Two hearings in the Senate and Assembly Budget Committees. Senate on Monday and the Assembly on Tuesday.
These were both interesting, but for different reasons. Testifying were David Rosen from the non-partisan Office of Legislative services or OLS, and State Treasurer David Rousseau. Both men gave the same testimony to the committees on back-to-back days.
Rosen’s revelation was that despite a claim from Governor Corzine that his budget leaves a $500 million surplus, there is actually a structural deficit of $600 million. That would leave a $100 million hole. Asked to explain that discrepancy, Rousseau testified that Rosen had six more weeks of data to look at and realistically a $100 million deficit was statistically speaking, not very much at all.
But the interesting part in the Senate came when new Republican Committee member Joe Pennacchio asked Rousseau about the state investment council which lost NJ pension money by investing in Lehman Brothers. Fireworks erupted when Chairwoman Barbara Buono gaveled him and told Pennacchio that he was “finished.”
In the Assembly, Republicans and Democrats went back and forth several times over taxes. The premise of many of the Republican questions was “with New Jersey being one of the most heavily taxed states in the nation…”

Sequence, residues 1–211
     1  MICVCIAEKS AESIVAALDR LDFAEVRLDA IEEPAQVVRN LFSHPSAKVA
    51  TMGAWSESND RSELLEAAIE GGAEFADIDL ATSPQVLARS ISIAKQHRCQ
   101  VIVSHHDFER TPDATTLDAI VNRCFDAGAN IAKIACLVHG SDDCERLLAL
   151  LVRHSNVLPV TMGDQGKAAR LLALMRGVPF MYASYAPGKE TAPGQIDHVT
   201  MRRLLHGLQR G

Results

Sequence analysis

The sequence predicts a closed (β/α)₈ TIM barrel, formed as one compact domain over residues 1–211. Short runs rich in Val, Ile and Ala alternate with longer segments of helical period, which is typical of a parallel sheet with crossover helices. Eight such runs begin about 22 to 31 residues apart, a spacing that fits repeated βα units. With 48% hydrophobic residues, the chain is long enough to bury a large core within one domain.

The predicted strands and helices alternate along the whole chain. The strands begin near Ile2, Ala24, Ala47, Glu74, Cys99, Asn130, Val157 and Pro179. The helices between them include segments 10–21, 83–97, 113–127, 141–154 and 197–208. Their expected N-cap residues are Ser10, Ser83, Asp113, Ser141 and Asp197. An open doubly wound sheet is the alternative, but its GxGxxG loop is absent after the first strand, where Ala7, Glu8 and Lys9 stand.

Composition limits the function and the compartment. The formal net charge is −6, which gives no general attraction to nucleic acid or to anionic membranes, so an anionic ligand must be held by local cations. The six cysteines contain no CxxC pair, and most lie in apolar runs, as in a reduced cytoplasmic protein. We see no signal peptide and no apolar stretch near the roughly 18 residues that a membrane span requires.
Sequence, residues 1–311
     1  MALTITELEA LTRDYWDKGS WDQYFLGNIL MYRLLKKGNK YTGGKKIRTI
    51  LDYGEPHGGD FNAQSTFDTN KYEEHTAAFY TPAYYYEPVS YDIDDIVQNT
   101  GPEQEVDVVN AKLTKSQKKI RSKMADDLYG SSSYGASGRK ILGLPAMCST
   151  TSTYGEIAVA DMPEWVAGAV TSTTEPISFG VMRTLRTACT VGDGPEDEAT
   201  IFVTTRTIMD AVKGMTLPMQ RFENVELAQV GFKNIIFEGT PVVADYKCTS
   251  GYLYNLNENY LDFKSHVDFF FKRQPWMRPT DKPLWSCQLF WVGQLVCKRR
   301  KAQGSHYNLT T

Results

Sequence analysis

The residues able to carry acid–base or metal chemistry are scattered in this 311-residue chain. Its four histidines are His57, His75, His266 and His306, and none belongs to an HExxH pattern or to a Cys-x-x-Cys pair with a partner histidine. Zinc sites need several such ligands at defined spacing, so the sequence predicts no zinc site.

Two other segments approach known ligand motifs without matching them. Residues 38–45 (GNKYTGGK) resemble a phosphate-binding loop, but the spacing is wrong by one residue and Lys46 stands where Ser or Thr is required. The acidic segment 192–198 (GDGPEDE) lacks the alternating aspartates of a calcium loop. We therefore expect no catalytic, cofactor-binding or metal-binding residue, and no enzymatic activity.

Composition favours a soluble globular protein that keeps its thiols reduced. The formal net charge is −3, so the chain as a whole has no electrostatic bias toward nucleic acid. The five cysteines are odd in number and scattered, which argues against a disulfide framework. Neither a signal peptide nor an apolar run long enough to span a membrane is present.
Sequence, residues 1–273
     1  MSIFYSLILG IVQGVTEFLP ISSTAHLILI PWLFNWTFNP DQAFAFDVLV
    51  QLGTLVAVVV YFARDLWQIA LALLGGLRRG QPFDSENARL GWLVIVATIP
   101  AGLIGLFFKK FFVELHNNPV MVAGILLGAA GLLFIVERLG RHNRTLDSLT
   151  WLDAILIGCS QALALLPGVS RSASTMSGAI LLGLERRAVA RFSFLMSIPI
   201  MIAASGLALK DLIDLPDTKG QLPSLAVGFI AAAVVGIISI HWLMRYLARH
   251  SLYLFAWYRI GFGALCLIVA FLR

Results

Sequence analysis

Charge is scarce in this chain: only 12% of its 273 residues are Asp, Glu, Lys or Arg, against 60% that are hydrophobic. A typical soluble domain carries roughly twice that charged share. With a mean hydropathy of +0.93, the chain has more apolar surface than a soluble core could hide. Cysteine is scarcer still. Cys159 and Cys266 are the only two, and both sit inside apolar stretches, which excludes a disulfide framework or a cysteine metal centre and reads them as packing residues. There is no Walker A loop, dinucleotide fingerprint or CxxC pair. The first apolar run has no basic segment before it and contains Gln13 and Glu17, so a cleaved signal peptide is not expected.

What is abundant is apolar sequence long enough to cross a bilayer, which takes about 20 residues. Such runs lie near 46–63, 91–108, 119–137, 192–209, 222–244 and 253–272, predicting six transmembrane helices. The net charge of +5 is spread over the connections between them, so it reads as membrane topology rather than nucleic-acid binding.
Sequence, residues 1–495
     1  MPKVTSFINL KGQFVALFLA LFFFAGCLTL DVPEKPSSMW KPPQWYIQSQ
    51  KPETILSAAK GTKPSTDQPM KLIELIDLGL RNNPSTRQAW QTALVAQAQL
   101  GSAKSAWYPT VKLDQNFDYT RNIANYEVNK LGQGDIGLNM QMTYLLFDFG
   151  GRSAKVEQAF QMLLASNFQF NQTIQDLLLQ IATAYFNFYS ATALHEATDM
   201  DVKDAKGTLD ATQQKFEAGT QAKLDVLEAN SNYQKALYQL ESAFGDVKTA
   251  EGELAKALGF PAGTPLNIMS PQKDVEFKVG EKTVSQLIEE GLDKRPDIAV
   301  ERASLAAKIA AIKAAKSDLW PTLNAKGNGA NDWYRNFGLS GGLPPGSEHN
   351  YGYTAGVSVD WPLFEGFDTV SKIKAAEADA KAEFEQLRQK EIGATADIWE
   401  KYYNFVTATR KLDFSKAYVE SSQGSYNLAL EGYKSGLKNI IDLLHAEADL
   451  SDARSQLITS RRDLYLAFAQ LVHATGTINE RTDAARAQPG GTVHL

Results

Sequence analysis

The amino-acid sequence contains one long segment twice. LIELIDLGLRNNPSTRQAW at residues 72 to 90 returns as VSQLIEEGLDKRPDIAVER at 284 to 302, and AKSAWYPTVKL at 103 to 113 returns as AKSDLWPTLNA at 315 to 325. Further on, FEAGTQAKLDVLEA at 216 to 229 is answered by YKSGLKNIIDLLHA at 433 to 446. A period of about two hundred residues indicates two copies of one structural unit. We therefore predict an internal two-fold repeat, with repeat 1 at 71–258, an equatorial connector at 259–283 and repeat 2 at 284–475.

Finally, Chairman Lou Greenwald challenged that basic assumption, which led to a debate over taxation in New Jersey.
Here is the truth: it depends on who you ask. Everyone agrees that NJ has some of the highest property taxes in the nation. But some surveys show that NJ is the highest taxed and the most un-business-friendly environment in the whole country. But Democrats argue that if you measure the taxes people pay as a percentage of income…New Jeresy is actually below the national average.
One Democrat pulled me aside and suggested that someone in the media do an independent analysis. That is probably a good idea. The problem is that most of the data out there already is skewed because anyone who bothers to collect it can spin it any way they want, or pre-determine the outcome based on their beliefs.
And this doesn’t even take into account the level of services people expect here versus other parts of the country.
Anyway, taxes are high…it’s true…but do people really wanna go live in Nebraska?